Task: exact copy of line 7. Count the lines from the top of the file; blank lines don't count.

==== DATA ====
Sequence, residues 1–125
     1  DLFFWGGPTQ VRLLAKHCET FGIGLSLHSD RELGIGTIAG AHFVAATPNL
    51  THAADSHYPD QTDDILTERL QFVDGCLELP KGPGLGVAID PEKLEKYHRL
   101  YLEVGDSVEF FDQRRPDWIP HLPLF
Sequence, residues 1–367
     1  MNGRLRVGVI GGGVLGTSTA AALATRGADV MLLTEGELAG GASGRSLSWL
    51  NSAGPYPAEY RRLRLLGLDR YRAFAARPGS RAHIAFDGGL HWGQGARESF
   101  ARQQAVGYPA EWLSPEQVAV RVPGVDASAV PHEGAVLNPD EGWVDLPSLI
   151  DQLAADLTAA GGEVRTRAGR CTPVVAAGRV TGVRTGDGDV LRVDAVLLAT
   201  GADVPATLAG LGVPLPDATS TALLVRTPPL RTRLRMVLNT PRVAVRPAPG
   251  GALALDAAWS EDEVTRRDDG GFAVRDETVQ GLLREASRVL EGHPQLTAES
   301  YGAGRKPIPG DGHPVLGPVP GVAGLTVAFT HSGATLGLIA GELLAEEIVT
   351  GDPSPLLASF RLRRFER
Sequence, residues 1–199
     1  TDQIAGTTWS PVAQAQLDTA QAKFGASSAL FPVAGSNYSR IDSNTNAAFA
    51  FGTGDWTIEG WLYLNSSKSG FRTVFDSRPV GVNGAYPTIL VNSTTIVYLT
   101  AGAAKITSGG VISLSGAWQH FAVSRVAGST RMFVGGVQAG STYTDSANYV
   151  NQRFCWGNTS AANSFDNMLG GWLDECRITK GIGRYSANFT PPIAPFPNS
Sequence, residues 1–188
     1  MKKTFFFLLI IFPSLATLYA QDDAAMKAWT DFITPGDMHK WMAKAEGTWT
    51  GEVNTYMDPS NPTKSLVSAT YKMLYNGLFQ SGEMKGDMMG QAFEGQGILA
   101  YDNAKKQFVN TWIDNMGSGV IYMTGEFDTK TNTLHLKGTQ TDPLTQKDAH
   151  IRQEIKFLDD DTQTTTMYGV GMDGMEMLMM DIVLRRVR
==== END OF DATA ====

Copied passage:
    51  NSAGPYPAEY RRLRLLGLDR YRAFAARPGS RAHIAFDGGL HWGQGARESF